An Element of Order

Julius Lothar Meyer and his not-so-famous periodic table. (Yale University, Harvey Cushing/John Hay Whitney Medical Library; Edgar Fahs Smith Collection, University of Pennsylvania Libraries)

Julius Lothar Meyer and his not-so-famous periodic table. (Yale University, Harvey Cushing/John Hay Whitney Medical Library; Edgar Fahs Smith Collection, University of Pennsylvania Libraries)

The one-word difference, the shift from “periodic” to “stepwise” triggered a heated dispute between the two men that ran throughout much of the 1870s and which was extensively commented on in chemistry journals across Europe. Mendeleev knew he had to persuade the Germans, who by that time were preeminent in chemistry. In 1871 he published the full version of his work—with now detailed predictions of three new elements—in Liebigs Annalen. The battle heated up in the journal of Germany’s new chemical society, Berichte der deutschen chemischen Gesellschaft.

Mendeleev stood fast in refusing to give Meyer any credit. “Meyer’s claims for credit were modest,” Gordin says. “He wanted some credit for being part of the process of creating a periodic system. Mendeleev wanted credit for creating the system; he didn’t think he should share that with anybody. And it’s very tricky to claim that because there were so many predecessors.”

A Russian Triumph

In his fight with Meyer, Mendeleev argued that his periodic system was independent of and more advanced than anybody else’s. And he took what no one else had done, his predictions, and emphasized those, staking his claim to priority on what he called his eka-elements: eka-aluminum, eka-boron, and eka-silicon, which filled the gaps next to aluminum, boron, and silicon. Eka-aluminum was discovered in 1875 and called gallium; in 1879 eka-boron was discovered and called scandium; and eka-silicon was discovered in 1886 and called germanium. Mendeleev had expected his predictions to come true at some uncertain future date, with any luck while he was still alive. When the first of his predictions came true, Mendeleev, says Gordin, was as surprised as anyone else.

But simply predicting new elements was not enough; Mendeleev had to convince people that prediction was the important criterion in deciding who won the race. By the 1880s he had persuaded the world that prediction made the periodic system a unique chemical tool. Even so, chemists often gave Meyer and Mendeleev shared credit for the periodic system, with each discovering it independently. Meyer and Mendeleev jointly received the Davy Medal of the Royal Society in 1882. Chemistry textbooks published at the turn of the 20th century that included the periodic table often mentioned Meyer as well as Mendeleev as the creators of the periodic system.

Only death ended the priority battle. After Meyer died in 1895, Mendeleev, who died in 1907, continued to write about the priority dispute, claiming sole ownership of the periodic system, and without Meyer few were left to argue against him. The Soviet Union’s growing economic importance in the 1930s helped tip the balance further, as did the Nazi purge of German science and their expulsion of Jews, socialists, and other undesirable scientists. By the 1950s the Soviet Union was second only to the United States in terms of quantity and quality of work in chemistry, and Soviet chemistry journals referred to the periodic table as Mendeleev’s system of chemical elements. Mendeleev had become the undisputed father of the periodic table.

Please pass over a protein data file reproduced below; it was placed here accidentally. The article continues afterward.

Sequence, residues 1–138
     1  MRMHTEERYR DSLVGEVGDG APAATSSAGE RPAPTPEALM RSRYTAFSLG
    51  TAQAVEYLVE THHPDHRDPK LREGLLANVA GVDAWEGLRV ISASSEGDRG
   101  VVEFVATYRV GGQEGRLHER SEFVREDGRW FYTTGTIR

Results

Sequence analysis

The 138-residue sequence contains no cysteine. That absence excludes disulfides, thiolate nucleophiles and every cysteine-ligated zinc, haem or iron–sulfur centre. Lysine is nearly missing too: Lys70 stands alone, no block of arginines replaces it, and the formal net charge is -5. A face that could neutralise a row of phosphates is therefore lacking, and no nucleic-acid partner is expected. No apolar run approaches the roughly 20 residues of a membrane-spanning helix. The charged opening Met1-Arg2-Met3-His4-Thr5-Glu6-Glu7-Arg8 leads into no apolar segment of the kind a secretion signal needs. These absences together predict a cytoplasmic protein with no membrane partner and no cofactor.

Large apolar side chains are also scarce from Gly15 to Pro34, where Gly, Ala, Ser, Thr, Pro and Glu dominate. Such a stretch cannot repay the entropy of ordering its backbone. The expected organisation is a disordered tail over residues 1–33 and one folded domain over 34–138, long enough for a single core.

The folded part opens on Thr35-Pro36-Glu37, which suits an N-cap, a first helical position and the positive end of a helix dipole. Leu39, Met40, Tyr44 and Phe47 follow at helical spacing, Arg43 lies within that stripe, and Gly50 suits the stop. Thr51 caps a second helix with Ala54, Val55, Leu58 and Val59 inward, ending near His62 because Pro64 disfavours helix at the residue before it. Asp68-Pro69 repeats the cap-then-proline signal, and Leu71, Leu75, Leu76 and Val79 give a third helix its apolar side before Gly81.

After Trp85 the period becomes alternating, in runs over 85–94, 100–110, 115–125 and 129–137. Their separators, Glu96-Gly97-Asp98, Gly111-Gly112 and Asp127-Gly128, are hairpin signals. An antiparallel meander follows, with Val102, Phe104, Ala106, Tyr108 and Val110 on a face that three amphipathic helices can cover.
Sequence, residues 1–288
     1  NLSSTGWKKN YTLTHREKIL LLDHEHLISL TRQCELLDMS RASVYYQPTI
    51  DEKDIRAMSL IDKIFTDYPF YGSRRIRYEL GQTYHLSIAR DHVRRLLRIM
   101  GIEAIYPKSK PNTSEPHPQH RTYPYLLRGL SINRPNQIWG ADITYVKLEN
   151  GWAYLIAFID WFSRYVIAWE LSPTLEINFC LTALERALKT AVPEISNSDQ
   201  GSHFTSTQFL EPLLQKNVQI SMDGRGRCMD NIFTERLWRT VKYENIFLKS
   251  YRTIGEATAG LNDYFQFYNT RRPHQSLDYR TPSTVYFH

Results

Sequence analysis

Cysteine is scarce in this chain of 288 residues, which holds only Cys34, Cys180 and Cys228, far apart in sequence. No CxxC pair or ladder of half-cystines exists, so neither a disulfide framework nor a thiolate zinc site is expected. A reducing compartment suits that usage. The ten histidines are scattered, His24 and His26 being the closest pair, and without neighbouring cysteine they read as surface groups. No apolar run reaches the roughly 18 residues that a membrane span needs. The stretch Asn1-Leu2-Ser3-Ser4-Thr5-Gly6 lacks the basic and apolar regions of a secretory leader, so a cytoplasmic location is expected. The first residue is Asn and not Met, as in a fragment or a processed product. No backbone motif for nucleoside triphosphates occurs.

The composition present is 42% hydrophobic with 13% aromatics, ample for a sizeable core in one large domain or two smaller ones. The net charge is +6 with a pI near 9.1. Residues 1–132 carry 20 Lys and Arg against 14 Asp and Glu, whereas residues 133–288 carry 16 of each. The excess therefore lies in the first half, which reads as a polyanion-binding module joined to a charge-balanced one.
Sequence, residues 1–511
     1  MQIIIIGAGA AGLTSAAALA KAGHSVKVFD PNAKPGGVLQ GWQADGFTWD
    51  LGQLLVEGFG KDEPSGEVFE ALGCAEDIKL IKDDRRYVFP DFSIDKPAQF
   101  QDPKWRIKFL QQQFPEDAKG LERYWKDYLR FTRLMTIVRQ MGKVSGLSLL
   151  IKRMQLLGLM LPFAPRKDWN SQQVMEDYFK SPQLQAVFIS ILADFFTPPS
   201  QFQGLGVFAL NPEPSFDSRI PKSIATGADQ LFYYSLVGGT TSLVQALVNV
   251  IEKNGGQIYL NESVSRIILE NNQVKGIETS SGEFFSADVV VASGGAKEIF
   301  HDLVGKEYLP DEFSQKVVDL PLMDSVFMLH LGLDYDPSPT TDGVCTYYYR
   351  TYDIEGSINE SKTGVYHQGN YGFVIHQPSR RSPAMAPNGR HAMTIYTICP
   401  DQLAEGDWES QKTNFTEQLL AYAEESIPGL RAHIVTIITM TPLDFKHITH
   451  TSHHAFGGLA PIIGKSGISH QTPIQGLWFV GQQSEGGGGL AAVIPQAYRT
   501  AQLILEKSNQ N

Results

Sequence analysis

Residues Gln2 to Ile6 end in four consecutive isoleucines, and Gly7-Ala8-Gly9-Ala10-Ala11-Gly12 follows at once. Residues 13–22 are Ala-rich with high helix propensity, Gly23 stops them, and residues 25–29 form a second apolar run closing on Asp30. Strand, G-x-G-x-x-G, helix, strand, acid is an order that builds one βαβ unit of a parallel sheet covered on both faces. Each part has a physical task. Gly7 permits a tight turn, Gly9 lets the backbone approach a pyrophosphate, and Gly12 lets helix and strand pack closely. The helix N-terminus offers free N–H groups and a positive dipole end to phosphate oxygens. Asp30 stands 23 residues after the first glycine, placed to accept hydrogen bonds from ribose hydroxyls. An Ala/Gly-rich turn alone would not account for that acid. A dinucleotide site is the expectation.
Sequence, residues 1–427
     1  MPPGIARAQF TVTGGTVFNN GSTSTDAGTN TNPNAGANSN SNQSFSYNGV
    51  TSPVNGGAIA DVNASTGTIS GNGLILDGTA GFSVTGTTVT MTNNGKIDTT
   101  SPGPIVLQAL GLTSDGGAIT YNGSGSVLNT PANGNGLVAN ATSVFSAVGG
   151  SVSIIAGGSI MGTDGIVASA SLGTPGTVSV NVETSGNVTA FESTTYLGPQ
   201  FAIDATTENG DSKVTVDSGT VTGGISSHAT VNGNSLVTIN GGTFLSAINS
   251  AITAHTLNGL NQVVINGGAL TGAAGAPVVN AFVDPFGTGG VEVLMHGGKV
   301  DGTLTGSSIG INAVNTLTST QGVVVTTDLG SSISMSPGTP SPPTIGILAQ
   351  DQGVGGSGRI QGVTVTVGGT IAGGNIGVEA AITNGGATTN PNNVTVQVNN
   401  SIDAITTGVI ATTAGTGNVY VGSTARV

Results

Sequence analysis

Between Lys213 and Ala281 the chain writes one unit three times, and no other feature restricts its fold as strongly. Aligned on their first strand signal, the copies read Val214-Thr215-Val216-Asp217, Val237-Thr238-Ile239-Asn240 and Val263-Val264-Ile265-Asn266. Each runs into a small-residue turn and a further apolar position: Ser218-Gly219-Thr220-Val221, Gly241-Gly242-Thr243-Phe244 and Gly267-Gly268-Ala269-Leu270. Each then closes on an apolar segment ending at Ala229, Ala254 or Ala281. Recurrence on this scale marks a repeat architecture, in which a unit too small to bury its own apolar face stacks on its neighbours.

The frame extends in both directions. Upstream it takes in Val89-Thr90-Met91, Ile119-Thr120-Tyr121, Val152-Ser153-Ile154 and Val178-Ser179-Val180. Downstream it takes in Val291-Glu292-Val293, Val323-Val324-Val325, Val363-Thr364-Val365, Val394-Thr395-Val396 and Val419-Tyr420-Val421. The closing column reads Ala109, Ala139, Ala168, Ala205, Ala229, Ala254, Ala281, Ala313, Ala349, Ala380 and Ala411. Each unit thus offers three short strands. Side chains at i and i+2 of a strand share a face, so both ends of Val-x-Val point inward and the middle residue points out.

Dmitri Mendeleev. (Natalia Moroz)

Mendeleev After the Periodic Table

The periodic table became truly central to chemistry only after World War I, at least in part owing to the rise of the Bohr atom with its central proton nucleus surrounded by orbiting electrons. For the first time the periodic system could explain why the elements have the properties they do. Ironically, given this later importance of the electron to the periodic table, Mendeleev rejected the existence of electrons. He was also skeptical of the noble gases when they were discovered in the 1890s because they did not form bonds with other elements and so had no place in his table. Mendeleev only accepted the noble gases as a way to explain away radioactivity, which he rejected because he believed matter to be immutable.

After developing his periodic system Mendeleev moved into gas physics in search of ether and its composition. Ether was the holy grail of the physical sciences in the second half of the 19th century, and almost all scientists accepted its existence. Since ether was assumed to have mass, Mendeleev was determined to find it and place it in his periodic table among the noble gases. Not only would ether have a place at his table, he also could use it to ensure that the atom remained unbroken—no need for radioactivity or pesky electrons. Any supposed breakdown of atoms could be explained away by the emission of ether, which Mendeleev calculated to be a million times lighter than hydrogen. Some of Mendeleev’s published tables left space for ether and marked that spot with an X. He called element X Newtonium.—Michal Meyer

Michal Meyer is editor in chief of Chemical Heritage. This feature is based on a lengthy interview with Michael D. Gordin, professor of history at Princeton University, about his past and current work in the history of science.